Wells Fargo Unveils New Emeryville Branch History Mural, Provides Grants to Community Organizations

Published On August 6, 2019 | By Rob Arias | Community, In the Neighborhood

Wells Fargo celebrated the grand opening of its new Bridge Center branch on 40th street in Emeryville today. Bank leaders presented a $2,500 grant to the Emeryville Historical Society, a nonprofit that works to preserve and illuminate the rich history of Emeryville through exhibits and research. The fund will help the Emeryville Historical Society’s team continue their work in serving as an instrumental player in capturing the local history and publishing the Journal of the Emeryville Historical Society newsletter.


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Unveiling of the #Emeryville History mural at the new #WellsFargo branch on 40th St. Thank you @wellsfargo for your support! ??

A post shared by Emeryville Historical Society (@emeryvillehistorical) on

Wells Fargo also donated $20,000 to Operation Dignity to support their work in aiding the most vulnerable adults and children experiencing homelessness in Alameda County, including veterans and people living in encampments. The Emeryville-based nonprofit provides shelter and housing to 100 veterans and their families on a given night. They frequently partner with local affordable housing providers to conduct mobile street outreach and offer supportive services to help families maintain their housing over the long term.

Operation Dignity Development Manager Katie Derrig accepted a check from the Wells Fargo Community Grant Program for $20,000.

Wells Fargo also unveiled a new mural celebrating the history of the community. The design centers on the themes of small business and industry, and includes images of the Remar Bakery building on Adeline and 46th, the former East Bay Auto Camp at San Pablo and 48th, and the construction of the Bay Bridge. The mural also features local residents, including US Army Air Forces Second Lieutenant Arthur Wong Jr., champion jockey Alonzo “Lonnie” Clayton, WWII-era Paraffine Paint Company employees, and Oakland Oaks baseball players.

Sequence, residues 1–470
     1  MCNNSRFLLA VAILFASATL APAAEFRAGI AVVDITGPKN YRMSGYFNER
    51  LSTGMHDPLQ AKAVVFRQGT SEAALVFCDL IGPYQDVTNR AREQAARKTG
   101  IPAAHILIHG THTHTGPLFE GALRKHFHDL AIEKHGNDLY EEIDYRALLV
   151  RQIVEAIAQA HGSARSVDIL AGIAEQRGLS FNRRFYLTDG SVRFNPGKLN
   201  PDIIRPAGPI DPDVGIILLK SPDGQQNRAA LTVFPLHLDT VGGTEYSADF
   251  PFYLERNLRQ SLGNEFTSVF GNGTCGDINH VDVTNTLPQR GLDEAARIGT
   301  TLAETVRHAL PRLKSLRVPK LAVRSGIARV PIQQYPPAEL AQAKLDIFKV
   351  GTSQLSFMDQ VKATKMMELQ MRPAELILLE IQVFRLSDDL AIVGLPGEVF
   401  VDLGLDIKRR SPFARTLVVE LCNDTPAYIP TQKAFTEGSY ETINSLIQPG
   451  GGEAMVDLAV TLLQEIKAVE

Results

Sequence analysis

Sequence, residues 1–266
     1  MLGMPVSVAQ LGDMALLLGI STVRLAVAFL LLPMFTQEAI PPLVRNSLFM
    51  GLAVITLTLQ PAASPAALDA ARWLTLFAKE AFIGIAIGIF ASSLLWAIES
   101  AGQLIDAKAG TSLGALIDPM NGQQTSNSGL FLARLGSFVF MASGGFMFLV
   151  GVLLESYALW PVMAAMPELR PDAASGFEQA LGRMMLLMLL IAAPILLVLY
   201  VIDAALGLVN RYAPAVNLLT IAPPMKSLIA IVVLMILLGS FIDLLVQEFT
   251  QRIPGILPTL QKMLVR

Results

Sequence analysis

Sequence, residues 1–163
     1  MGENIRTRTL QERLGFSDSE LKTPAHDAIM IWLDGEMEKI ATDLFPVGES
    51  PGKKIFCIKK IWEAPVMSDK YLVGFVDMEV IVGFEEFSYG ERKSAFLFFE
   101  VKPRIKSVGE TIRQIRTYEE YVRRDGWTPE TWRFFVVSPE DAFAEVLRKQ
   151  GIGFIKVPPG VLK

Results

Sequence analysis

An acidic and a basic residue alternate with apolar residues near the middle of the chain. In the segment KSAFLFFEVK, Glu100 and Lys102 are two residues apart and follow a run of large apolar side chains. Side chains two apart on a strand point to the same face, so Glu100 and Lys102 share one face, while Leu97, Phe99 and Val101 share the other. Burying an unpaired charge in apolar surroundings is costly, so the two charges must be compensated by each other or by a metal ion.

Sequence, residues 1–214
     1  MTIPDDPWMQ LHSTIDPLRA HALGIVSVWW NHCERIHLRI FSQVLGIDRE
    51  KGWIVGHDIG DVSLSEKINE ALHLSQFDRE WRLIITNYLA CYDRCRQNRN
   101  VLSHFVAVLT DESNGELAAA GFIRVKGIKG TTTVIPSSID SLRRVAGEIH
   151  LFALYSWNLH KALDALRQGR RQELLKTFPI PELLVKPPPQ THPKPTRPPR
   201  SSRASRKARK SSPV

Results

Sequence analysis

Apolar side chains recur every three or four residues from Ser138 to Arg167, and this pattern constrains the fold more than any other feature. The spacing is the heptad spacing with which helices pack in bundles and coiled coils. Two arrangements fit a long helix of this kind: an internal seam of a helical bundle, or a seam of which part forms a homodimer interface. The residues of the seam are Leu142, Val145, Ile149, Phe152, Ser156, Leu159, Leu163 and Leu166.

Images were provided by the Emeryville Historical Society, the Oakland Museum of California, the California State Library, and the Library of Congress. Our partnership with the Emeryville Historical Society is one of the first public uses of the historical society’s photographic archive.


Wells Fargo is committed to opening branches where our customers live and work. Through our Community Mural program, some branches feature murals that respect the history of local communities. Since the company is committed to strengthening local communities, we are glad to present a donation to a local community organization.

Emeryville Historical Society co-founder Nancy Smith (third from right) accepted a check from Wells Fargo for $2500.

“The branch opening reaffirms Wells Fargo’s long-standing commitment to meet our customers’ financial needs. Given the importance of face-to-face conversations, this branch and the bankers will play an important role in strengthening our relationship with the community,” said Wells Fargo’s Mid Valley Bay Region Bank President Christina Pels-Martinez.

“We have enjoyed working with Wells Fargo on this project. We hope this mural will help to promote and publicize the Emeryville Historical Society, especially our large collection of historical photographs dating back to the nineteenth century,” said Don Hausler, co-founder and president of the Emeryville Historical Society.

The mural contains historical Emeryville figures including Oaks player Artie Wilson and jockey Lonnie Clayton.

About The Author

is a third generation Californian and East Bay native who lived in Emeryville from 2003 to 2021. Rob founded The E'ville Eye in 2011 after being robbed at gunpoint and lamenting the lack of local news coverage. Rob's "day job" is as a creative professional.

2 Responses to Wells Fargo Unveils New Emeryville Branch History Mural, Provides Grants to Community Organizations

  1. Paul Burnett says:

    Meanwhile, the closed Wells Fargo branch at the far end of Powell Street Plaza remains closed, and the parking lot for the Wells Fargo branch at Christie and Powell is a pot-holed nightmare with illegible to invisible space markings.

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